AT FIRST, the picture that formed in my mind when the incident was being reported to me was of this PBA coach pulling the uniform of his cager by the collar in a fit of rage in the last seconds of their game two Fridays ago.
Eyewitnesses said this happened right in front of the players’ bench and in full view of coliseum spectators. Right before their very eyes, the coach squeezed the collar of the player’s uniform so tightly it nearly choked him.
Then the coach released his hold on the player’s collar and gave him a hard push.
After the game, the television crew, who probably saw the act of violence, rushed to the dugout. They caught the cager in tears.
An insider said the coach must have gone to the deep end because the cager wasn’t playing his usual energetic, never-say-die game.
“Walang gana, kaya nagalit si coach.”
As it turned out, the eyewitness account was a bit exaggerated. The report was accurate, except for the part where the cager was said to be choking to the point of asphyxiation.
The cager never gasped for breath and while the threads of his jersey may have loosened somewhat, he was still able to wear it in a succeeding game.
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Update on Abet Guidaben from New Jersey: The PBA legend has been temporarily discharged from Newark’s University Hospital, with instructions from his doctors to return after two weeks for his thymus gland operation. The thymus gland is the organ inhibiting the function of Abet’s antibodies.
Myasthenia Gravis has restricted Abet’s movements, making the simple act of talking and lifting his arm a tedious and tiring process.
Worse, while Abet was battling a potentially fatal disease, his wife Maridol had to undergo a hip replacement operation, and will be needing medical attention herself for months.
Maridol will be in crutches or confined to a wheelchair as she recuperates.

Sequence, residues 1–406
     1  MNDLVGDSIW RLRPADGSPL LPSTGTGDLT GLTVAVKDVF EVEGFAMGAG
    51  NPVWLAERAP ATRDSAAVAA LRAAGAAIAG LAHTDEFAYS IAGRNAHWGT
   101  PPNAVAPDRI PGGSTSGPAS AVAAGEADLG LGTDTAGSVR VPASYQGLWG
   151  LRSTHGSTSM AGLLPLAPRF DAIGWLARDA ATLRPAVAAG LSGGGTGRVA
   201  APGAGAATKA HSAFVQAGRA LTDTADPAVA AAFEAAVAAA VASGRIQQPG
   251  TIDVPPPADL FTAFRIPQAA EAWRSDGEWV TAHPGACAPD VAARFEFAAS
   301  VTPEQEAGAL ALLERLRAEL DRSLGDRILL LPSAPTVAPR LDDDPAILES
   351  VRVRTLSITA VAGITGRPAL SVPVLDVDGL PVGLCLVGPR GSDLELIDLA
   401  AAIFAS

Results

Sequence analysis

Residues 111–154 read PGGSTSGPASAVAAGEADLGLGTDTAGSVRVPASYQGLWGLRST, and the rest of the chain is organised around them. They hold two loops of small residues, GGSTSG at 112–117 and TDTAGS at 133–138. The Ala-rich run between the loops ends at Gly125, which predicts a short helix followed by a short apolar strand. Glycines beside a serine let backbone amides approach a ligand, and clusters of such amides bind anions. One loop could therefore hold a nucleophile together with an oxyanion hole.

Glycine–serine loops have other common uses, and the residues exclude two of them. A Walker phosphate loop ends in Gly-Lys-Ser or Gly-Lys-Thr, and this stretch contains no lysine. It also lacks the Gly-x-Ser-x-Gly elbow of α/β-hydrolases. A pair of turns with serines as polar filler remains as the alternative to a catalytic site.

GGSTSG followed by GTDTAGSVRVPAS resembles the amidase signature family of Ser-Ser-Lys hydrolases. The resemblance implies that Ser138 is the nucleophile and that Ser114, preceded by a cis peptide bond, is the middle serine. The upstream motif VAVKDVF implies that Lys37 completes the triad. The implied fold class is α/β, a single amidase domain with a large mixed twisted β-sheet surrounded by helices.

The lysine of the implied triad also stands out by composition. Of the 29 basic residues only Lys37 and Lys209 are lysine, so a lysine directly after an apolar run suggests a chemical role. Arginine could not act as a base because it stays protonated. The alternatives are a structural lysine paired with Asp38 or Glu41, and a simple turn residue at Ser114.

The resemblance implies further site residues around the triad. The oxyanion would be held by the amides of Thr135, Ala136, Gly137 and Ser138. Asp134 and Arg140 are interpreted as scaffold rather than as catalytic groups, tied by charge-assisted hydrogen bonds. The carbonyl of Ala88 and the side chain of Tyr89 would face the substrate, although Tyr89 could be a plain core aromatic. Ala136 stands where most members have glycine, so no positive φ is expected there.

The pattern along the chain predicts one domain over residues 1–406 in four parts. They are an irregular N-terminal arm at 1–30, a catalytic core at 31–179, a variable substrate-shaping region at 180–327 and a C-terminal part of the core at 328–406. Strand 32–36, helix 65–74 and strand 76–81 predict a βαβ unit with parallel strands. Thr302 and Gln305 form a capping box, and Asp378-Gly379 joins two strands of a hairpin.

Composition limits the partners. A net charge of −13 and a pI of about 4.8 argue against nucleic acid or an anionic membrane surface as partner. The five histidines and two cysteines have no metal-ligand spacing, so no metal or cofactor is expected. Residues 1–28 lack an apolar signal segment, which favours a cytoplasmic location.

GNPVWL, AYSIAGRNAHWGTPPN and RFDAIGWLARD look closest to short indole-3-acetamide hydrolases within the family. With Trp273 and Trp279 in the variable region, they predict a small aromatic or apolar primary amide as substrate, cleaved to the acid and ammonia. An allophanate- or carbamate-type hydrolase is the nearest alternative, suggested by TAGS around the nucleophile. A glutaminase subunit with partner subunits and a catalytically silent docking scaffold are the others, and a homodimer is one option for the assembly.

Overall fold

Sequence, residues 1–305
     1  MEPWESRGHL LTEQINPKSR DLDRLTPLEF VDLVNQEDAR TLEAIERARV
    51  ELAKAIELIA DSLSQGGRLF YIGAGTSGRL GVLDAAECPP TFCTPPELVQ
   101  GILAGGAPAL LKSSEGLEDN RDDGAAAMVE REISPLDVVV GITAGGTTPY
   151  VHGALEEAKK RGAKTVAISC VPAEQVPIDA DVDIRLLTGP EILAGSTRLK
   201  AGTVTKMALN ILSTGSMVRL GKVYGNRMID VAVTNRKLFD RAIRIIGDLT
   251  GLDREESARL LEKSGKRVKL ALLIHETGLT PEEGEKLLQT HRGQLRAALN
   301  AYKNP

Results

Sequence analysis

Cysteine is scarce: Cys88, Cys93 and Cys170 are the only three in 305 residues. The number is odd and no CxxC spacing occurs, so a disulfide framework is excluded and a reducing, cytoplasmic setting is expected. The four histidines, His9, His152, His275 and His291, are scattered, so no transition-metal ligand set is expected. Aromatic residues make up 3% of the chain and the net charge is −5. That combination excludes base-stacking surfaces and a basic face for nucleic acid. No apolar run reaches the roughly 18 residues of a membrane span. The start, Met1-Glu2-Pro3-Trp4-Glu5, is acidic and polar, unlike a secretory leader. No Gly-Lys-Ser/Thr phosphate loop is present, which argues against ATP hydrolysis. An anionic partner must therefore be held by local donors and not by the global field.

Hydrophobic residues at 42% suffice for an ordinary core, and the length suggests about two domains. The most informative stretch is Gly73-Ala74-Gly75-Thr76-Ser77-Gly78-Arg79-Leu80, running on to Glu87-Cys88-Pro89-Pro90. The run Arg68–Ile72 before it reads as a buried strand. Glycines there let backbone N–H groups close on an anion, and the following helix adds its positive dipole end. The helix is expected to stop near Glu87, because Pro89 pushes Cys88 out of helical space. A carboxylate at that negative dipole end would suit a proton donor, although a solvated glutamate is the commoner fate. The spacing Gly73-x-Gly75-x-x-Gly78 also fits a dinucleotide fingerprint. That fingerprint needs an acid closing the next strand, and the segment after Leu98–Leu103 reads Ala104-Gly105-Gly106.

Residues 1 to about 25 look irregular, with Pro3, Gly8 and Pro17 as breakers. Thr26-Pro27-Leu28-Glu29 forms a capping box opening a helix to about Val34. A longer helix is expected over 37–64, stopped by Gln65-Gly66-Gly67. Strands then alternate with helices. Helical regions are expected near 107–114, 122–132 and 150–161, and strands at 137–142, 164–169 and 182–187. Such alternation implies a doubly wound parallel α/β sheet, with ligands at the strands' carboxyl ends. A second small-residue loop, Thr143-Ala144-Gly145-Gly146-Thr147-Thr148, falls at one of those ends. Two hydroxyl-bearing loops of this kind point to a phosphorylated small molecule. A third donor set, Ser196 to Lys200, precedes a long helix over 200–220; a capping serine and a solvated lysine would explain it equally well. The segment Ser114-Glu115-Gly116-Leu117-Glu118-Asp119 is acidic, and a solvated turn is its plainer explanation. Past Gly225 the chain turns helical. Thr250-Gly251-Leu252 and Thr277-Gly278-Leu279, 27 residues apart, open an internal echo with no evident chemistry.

San Miguel Corp. president/CEO Ramon Ang was the first to respond to Ruffy Ignacio’s (PBA Legends Foundation USA sec-gen) plea for financial assistance to the Guidabens.
Without much fuss or fanfare, Mr. Ang signed a check for $5,000 and had it sent to the cager, who once played for San Miguel Beer until he was traded for Ramon Fernandez.
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After coming close to a first-ever women’s international basketball title in the 2008 Fiba-Asia Under 18 competition in Medan, Indonesia, losing only to Kazakhstan by three points, the country’s youth basketball program for women seems to have regressed.
After 2008, the Philippines suffered successive debacles in the Fiba-Asia Under-16, Under-18 and the Asean Schools Youth competitions under a new coaching staff and sponsor.
In the 2009 Fiba-Asia Under-16, RP lost to both China and Chinese-Taipei by almost a hundred points and to India by 27 points. In the 2010 Fiba-Asia Under-18 in Thailand, the Pinay cagers were mauled by host Thailand, 86-22, in a game where our team was rendered scoreless in the fourth quarter.
The 64-point blowout is by far the biggest winning margin by a Thai team versus the Philippines at any level. A second loss came at the hands of India, a 25-point rout.
If it’s any consolation, the Philippines won three games versus patsies Syria, Sri Lanka and Laos, which started playing organized basketball only two months before the tournament.
More recently at the 2010 Asean Schools Youth Championship, the same team lost by 19 points to Indonesia and consequently failed to land in the top 3. This loss is the first-ever by a Philippine women’s team against Indonesia.
Compared to women’s basketball, the country’s program for men’s basketball is better, considering that it has not regressed. But it has remained stagnant, failing to develop and progress despite the massive support and funding it gets from various entities.